The Gulf War had ended. Kuwait, viciously occupied by Iraq in August 1990, had been freed by a massive US-led coalition. Saddam Hussein's forces had been routed, and the despicable tyrant had suffered a crushing defeat. Though the United States had gone to war to liberate the people of Kuwait, President Bush (the elder) openly championed the liberation of Iraq's people too. Four weeks into the war, he publicly urged Iraqis to overthrow Saddam.
"There's another way for the bloodshed to stop," he said in Washington on Feb. 15, 1991. "That is for the Iraqi military and the Iraqi people to take matters into their own hands and force Saddam Hussein the dictator to step aside, and to comply with the United Nations resolutions and then rejoin the family of peace-loving nations."
On March 1, Bush repeated his call for a rebellion. "I've always said . . . that the Iraqi people should put him aside and that would facilitate the resolution of all these problems."
The Iraqis, listening to Bush' on Voice of America, the BBC, and the CIA-sponsored Voice of Free Iraq, got the message loud and clear. The long-suffering Shi'ites in the south and Kurds in the north responded to the President. Encouraged by the assurance that America was with them, and knowing that 400,000 coalition troops were nearby, they seized the moment to break free of Saddam's tyranny.
An uprising began in the south. On March 3, a tank gunner in Basra was cheered when he fired a shell into the giant portrait of Saddam hanging in the city's main square. Within days, the Shi'ite heartland was in open revolt; in Karbala, Najaf and other cities, officials of Saddam's Ba'ath Party were overpowered and either killed or forced to flee. Soon the Kurds rose up as well, liberating Sulaimaniyah and other cities in the north, and uncovering horrific evidence of the Ba'ath regime's crimes against the Kurdish people.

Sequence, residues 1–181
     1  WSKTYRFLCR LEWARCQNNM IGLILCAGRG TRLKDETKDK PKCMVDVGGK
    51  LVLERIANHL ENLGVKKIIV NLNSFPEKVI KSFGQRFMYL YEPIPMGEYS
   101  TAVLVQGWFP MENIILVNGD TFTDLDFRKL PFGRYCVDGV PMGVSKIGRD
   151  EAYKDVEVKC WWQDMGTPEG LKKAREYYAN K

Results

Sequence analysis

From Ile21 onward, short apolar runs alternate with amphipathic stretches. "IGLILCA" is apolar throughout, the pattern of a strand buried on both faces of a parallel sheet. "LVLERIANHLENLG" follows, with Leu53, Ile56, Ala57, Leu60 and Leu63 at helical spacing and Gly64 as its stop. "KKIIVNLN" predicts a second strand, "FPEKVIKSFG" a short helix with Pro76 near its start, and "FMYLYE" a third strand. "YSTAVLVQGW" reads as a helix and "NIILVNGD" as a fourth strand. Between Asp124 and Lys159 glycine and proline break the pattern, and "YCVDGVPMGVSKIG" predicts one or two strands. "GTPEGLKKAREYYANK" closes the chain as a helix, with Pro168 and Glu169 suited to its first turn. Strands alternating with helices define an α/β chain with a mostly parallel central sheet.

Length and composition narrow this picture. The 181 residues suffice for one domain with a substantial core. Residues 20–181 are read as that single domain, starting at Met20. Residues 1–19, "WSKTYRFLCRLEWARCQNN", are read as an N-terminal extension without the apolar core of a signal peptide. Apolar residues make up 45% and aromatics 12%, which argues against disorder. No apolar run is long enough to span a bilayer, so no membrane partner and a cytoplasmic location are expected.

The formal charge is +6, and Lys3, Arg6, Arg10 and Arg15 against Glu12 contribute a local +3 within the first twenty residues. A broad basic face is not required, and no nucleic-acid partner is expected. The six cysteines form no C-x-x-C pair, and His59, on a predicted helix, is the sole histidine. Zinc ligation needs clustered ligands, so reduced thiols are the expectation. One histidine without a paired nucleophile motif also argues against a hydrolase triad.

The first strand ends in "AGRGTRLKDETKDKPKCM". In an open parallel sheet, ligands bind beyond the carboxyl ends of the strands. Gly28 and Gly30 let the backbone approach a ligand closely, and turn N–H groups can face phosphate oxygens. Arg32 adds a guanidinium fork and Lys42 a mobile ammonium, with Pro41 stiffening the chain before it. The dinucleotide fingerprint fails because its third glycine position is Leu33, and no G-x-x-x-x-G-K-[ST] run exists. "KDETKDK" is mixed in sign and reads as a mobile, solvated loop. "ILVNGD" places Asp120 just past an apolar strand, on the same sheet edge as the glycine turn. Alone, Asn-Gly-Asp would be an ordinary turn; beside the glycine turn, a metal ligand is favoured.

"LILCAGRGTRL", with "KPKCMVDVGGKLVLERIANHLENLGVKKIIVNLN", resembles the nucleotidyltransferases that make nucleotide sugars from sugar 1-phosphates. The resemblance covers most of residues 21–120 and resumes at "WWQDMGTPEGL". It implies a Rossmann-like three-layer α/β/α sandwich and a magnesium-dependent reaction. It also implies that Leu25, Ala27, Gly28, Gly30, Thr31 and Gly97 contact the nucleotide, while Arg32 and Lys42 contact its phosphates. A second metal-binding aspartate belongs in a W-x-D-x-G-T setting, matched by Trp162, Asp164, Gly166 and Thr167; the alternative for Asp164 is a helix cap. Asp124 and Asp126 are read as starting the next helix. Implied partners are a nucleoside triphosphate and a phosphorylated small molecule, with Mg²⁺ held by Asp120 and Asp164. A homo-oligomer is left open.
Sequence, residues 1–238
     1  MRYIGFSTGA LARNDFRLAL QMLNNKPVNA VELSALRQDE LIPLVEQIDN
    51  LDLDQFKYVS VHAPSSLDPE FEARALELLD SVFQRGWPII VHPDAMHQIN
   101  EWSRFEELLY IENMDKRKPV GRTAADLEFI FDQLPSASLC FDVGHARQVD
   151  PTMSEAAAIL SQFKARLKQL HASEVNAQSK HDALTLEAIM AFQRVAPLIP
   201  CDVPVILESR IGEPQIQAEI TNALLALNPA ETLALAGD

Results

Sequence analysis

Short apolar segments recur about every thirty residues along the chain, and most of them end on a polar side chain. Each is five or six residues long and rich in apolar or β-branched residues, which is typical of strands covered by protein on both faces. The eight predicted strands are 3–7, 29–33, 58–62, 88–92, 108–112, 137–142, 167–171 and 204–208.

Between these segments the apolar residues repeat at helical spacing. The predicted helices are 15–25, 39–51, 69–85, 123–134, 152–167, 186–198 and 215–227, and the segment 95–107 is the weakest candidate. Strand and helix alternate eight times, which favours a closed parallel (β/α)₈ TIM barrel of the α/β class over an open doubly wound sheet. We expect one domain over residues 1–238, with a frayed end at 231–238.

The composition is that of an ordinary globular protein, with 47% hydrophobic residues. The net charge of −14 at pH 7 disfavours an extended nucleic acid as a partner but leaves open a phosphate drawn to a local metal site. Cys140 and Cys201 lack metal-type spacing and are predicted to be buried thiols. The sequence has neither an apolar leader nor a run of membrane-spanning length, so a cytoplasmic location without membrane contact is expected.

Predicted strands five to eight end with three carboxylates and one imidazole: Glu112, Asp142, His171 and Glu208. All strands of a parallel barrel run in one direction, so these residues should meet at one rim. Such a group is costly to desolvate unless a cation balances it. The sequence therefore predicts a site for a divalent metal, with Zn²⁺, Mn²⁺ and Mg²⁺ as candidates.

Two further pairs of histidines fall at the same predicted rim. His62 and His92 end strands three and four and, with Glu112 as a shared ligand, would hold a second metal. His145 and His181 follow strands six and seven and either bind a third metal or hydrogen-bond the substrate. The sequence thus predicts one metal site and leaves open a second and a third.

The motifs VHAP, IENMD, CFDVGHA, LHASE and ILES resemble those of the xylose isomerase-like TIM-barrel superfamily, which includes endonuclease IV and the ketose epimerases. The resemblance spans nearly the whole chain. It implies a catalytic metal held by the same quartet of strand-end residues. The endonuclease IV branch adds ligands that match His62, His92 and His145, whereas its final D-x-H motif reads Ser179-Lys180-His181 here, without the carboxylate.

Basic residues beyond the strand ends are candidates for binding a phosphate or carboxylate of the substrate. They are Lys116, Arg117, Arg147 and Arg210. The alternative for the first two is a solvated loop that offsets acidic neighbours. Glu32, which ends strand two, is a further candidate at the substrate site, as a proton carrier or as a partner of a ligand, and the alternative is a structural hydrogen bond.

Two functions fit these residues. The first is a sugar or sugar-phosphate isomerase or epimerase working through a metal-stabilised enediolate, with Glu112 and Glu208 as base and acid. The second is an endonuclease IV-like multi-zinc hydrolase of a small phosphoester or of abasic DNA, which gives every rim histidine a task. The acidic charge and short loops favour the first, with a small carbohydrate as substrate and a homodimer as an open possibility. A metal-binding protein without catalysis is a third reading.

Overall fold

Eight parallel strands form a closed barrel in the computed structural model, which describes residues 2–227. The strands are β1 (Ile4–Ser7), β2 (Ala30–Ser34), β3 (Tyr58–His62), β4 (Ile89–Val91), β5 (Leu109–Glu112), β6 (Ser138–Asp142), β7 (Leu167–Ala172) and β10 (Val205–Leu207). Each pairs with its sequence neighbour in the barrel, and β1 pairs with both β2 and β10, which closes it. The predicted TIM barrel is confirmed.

The rebels swiftly took 14 of Iraq's 18 provinces. Freedom, and Saddam's end, were within reach.
But help from America never came. Bush had described Saddam as "Hitler revisited" and repeatedly threatened him with Nuremberg-style war crimes trials. But at the decisive moment, Bush denied the Iraqi people the limited American assistance they needed to topple one of the planet's most savage totalitarians. Crucially, he refused to override General Norman Schwarzkopf's decision to exclude helicopters (even armed helicopters) from the coalition order grounding Iraq's military aircraft. And so, with US troops looking on, Saddam's forces proceeded to crush the uprising with nightmarish barbarity.
One of the regime's tactics was to warn residents to leave a city before the army attacked, specifying the evacuation routes that were safe. Then, once those routes were thronged with miles-long columns of civilians desperate to escape the fighting, the helicopter gunships would open fire, strafing the refugees with machine guns.
The violence Saddam’s forces committed were nothing short of horrific. Among innumerable other atrocities, "children who would not give their parents' names to soldiers were doused with gasoline and set on fire."
In the weeks that followed, Saddam's forces slaughtered tens of thousands of Iraqis, filling hundreds of mass graves in the process. Bush refused to intervene, insisting that it had never been his goal "to get Saddam Hussein out of there by force." Saddam would rule Iraq for 12 hellish years more. It would take us getting involved in another war to eventually depose him. That war was paid for in blood and treasure, including the lives of more than 4,400 Americans.
Late last week, with Libyan ruler Moammar Khadafy's troops surging toward Benghazi and preparing to annihilate the rebels defending it. For weeks, President Obama appeared to hesitate over a response to the anti-Khadafy uprising, but his rhetoric declaring that the dictator "must leave" and promising Libya's people that America "will stand with them in the face of unwarranted violence" was loud. Unfortunately, it was not matched by action.
At the 11th hour America backed a UN resolution authorizing "all necessary force" to stop Khadafy's rampage. I can not help but wonder if it dawned on Obama that he was on the verge of repeating Bush the Elder's disastrous blunder? On Friday, he warned firmly that all attacks on Libyan civilians "must stop," and that a pullback of Khadafy's troops "will be enforced through military action." Now, US missiles have begun striking Libyan air-defense systems around Tripoli and the western cities of Misurata and Surt. The president's resolve comes late -- dangerously late. But if he has realized at last that there is no time to hesitate, hopefully it is not too late to save the Libyan resistance and avoid a much longer, far more costly war.
Live Long and Prosper....